Last week, french musician Manu Chao was in risk of being deported from Mexico, and went as far as cancelling a performance, after authorities investigated a political comment he made about the 2006 uprising in San Salvador Atenco. While attending the Guadalajara International Film Festival, he told journalists:
“What happened in Atenco was, in some way, state terrorism. [Officials] are saying ‘don’t say a word when we seize your land, because you better watch out, the same thing will happen to you, as happened in Atenco.’”
Since the Mexican constitution states that “foreigners cannot in any manner interfere in internal political affairs” and that the government has “the executive power to force them to leave national territory”, it was confirmed, on Thursday, that the singer was being investigated.
Chao had been criticizing the events of May 2006 in Atenco, where flower-sellers demonstrated against commercial development. Mexican Police intervened, causing a riot that led to civilian injury and death. Later it was revealed that deportation had never been the government’s plan, but Chao cancelled a performance in the Catalonia Boulevard, saying in a statement that he “wanted to avoid any possibility of violence, if the authorities came for [him] during the performance.”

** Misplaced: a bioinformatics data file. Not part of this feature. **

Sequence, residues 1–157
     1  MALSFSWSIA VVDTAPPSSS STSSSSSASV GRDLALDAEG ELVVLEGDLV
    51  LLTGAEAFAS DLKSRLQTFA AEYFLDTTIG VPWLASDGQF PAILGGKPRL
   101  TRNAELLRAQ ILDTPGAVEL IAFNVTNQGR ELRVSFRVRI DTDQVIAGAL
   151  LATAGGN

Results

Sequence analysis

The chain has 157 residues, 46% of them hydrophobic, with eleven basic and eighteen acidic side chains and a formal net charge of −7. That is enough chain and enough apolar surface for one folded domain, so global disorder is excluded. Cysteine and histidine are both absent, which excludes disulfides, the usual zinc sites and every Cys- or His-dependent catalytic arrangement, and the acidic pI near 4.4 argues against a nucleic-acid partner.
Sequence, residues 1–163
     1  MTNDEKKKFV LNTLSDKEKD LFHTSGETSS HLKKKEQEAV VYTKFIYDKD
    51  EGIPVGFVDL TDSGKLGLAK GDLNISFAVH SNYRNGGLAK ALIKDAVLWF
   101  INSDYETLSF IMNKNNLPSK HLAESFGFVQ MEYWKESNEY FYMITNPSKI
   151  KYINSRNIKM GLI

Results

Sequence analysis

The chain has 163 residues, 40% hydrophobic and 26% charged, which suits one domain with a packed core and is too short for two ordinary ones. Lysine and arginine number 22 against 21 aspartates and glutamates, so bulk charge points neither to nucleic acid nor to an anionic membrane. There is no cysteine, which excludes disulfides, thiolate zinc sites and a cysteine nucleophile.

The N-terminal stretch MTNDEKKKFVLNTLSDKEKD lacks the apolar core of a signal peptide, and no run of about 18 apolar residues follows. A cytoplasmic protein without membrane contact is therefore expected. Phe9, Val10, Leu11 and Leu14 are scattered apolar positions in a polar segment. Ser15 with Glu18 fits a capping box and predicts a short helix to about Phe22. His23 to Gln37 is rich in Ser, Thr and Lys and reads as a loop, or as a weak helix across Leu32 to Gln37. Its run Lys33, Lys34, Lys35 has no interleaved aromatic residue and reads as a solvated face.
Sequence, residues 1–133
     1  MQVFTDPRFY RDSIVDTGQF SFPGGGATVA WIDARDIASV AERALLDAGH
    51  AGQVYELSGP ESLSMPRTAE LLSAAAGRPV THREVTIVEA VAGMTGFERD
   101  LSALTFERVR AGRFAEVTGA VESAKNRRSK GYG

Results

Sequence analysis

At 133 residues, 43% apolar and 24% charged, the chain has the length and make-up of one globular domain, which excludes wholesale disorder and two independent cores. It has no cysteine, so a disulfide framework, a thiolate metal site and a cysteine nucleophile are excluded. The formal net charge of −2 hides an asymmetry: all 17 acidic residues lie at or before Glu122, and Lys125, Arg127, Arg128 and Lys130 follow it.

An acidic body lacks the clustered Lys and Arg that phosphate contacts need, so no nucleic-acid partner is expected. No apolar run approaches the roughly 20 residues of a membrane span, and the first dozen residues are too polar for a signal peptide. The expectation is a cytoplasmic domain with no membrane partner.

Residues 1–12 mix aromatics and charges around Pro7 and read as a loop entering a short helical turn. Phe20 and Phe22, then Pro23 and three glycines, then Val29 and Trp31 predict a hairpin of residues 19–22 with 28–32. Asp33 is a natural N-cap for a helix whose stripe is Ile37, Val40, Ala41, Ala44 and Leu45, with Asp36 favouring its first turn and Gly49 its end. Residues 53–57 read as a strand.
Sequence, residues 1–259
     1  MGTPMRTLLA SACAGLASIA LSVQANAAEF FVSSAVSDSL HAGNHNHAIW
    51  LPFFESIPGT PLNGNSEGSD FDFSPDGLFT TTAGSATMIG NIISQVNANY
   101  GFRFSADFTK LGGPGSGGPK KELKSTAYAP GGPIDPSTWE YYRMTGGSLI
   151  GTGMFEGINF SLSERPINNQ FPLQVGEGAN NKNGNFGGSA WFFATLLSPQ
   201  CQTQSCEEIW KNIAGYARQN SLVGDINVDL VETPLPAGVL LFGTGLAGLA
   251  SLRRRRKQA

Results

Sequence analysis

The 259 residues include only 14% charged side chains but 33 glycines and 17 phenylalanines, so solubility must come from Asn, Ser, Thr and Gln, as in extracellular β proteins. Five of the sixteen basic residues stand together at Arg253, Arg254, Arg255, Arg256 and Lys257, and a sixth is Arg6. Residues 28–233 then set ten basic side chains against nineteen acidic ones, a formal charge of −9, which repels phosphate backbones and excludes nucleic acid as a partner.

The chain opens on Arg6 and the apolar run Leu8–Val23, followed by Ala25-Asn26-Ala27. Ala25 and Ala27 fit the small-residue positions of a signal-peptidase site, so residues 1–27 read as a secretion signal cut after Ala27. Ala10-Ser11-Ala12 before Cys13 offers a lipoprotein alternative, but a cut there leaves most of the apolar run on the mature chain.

“I did not want to risk that a cultural celebration might be transformed into something uncontrollable,” he wrote.
Should people be persecuted for political opinions? On a global scale, there are still countries that seek to quiet dissent, and when the opinions come from popular musicians, the controversy gets scaled up a notch. For years, musicians have expanded their influence to a point where a single quote can catch the public eye, and stop governments from proceeding as they normally would. In fact, these situations can shift public opinion, and possibly bring change to outdated legislation. How much can musicians acheive by confronting Governments and voicing political opinion?
Photo via q.liberation.fr